As you probably saw over the Christmas period, Citylink became the latest high-profile insolvency to hit the headlines. As someone who has spent most of their professional life working in insolvency, I suppose I should be used to it. However, I still find myself surprised at the lack of understanding of the practical and legal situation in the press.
At the beginning of the process, the press tends to have quite an understandable focus on the human impact. In this case, the holiday season timing made the story particularly poignant. I think we can all understand the terrible impact of learning you will be potentially losing your job at Christmas. You cannot help but feel for the staff in this situation.
The situation is there though, and we need to be practical so let’s consider this from the IP’s point of view. I assume that some time was spent looking for a buyer however it is clear that since no purchase was made, that this was not an option. For this reason, a decision would have needed to be made about the best way to take control of the winding up of the company. Purely from a practical point of view Christmas day would mean that the majority of the assets of the company would be in the most viable place to facilitate the process – at the base. Also, the business of Citylink is to deliver parcels and Christmas means an end to the busiest part of the year. As a result, this would mean less disruption to the end user. In addition, a lot of the debtors would have just been through the busiest season of the year and (for this reason) be at their most financially robust, at least for the short term. Harsh as the news was for the employees concerned, sadly it makes a lot of sense in the wider picture.
Another aspect often discussed in the press was the subject of potential asset stripping by the investor Better Capital. The press reported that a figure in the region of £40m had been invested in the ailing Citylink by Better Capital, but this was frequently linked to potential asset stripping. At present, I have yet to see any solid evidence that this was the case. I am sure this will only be resolved in the fullness of time, and I include it here in relation to the press coverage and am not stating this was the case.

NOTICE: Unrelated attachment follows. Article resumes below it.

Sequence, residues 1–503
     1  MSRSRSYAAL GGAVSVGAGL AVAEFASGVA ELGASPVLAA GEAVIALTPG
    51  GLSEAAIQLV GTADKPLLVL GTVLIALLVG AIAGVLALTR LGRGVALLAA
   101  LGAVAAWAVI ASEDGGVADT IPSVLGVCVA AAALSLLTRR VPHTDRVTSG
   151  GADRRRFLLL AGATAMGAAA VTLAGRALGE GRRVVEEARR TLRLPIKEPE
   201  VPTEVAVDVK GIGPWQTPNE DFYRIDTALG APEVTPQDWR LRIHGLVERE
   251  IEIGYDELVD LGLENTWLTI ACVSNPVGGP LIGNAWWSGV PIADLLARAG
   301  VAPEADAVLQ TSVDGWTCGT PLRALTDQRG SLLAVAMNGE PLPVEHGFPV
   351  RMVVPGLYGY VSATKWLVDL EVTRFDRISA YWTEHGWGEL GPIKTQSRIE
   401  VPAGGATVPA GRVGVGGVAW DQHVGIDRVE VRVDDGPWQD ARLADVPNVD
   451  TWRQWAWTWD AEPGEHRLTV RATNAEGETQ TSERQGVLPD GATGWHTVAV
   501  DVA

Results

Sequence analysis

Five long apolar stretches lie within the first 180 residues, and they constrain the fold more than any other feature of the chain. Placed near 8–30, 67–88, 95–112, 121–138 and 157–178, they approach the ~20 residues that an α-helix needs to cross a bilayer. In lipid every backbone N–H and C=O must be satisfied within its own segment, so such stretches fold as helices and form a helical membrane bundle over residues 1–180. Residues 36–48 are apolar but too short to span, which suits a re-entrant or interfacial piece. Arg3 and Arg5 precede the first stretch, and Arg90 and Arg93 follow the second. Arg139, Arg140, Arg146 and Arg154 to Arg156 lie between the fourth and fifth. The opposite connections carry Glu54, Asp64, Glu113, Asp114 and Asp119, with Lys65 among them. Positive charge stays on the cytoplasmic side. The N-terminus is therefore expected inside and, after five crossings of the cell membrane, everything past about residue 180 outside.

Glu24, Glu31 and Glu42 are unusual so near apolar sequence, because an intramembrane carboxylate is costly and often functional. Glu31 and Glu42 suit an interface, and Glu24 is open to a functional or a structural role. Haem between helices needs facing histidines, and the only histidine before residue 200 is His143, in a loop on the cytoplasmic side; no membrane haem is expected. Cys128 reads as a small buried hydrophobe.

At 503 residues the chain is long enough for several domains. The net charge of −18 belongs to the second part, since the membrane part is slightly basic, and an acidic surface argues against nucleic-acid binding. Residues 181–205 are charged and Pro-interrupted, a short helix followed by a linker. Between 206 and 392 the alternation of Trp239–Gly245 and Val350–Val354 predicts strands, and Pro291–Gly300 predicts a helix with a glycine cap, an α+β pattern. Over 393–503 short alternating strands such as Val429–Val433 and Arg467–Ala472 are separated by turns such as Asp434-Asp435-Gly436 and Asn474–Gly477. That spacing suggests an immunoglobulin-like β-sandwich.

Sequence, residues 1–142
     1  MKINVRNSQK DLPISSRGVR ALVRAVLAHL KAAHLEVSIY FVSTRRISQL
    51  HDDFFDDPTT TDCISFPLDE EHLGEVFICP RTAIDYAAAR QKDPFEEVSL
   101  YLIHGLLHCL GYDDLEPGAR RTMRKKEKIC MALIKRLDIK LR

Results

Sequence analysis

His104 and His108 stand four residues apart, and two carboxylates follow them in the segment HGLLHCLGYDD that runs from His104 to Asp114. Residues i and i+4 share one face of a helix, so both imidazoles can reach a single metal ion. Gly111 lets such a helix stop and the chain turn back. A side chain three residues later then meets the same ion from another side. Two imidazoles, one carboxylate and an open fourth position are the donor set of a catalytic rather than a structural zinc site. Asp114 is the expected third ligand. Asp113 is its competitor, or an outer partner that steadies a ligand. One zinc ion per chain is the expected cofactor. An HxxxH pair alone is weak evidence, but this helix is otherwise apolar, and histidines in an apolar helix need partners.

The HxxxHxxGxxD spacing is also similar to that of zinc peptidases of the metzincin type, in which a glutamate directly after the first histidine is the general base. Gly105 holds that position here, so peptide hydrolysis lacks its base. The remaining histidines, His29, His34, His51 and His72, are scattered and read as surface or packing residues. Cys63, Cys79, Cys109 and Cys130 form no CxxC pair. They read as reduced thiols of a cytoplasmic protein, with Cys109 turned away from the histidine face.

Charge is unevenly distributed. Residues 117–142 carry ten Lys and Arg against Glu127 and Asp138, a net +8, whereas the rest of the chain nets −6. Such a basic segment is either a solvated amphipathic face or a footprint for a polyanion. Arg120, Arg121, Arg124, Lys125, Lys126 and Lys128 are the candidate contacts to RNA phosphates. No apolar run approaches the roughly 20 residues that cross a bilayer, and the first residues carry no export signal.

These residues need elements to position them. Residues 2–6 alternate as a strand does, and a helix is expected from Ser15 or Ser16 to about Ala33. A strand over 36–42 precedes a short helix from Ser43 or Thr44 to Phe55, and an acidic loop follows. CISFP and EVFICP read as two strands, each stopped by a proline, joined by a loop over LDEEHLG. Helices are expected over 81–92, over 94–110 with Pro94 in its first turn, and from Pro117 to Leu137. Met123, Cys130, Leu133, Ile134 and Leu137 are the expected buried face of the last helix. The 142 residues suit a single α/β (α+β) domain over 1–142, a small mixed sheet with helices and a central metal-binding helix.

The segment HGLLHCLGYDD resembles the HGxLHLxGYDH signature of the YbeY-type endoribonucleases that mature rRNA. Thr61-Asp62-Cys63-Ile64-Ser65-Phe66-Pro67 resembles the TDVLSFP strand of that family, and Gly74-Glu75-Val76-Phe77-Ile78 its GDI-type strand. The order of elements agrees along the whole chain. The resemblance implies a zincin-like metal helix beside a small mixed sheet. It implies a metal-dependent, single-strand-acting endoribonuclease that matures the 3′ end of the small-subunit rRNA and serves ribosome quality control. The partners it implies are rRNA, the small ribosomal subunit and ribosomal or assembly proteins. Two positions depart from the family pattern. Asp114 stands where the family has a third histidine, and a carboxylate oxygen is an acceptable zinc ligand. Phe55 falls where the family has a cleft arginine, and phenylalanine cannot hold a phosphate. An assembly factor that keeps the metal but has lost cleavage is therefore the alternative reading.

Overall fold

The next coverage seemed to focus on the amount Better Capital would see as a return on investment, and the difference between this return and the very little that would be available for the other creditors. In this, there is a real misunderstanding of the priority of payment to creditors.
Firstly I would assume that Better Capital (like any other financial institution) would have required security before it invested. Security is likely to introduce an element of priority to the investor. We need to remind ourselves here that security is an expected part of the financing process and without it very little would take place. Security comes in a number of forms. The most common is a debenture or fixed and floating charge. A fixed charge provides an absolute right to an asset so after the sale costs, the net proceeds are paid to the security holder. (This is not dissimilar to the security rights of a standard mortgage.)
Next in line will be the preferential creditors, commonly the creditors with sums outstanding for wages and holiday pay. In most cases, the Government will have paid this under the redundancy payment scheme and will reclaim these from the company.
Once preferential creditors are settled, the process will move to the prescribed part. I will cut through the rather long-winded, and in all honesty, a little boring formula. But in effect, it is a ring-fenced fund for the unsecured creditors from the available assets. This fund can be up to a maximum of £600,000.
Once this is complete, we return to the floating charge, and if the investor is still owed money they will now receive the balance.
Finally, if we have any funds left there is a payment made to the unsecured creditor – this is separate from the prescribed fund.
Some press reports are suggesting a return of £20m – £23m from the original investment and I would suggest the majority of this will be from the floating charge.
So I hope this has helped shed some light on the combined press coverage on the story of the CityLink failure, and in the cut-throat business of parcel logistics. It is a sad event, and for the employees it is a terrible blow. Although we understand the process must go on, we have nothing but sympathy.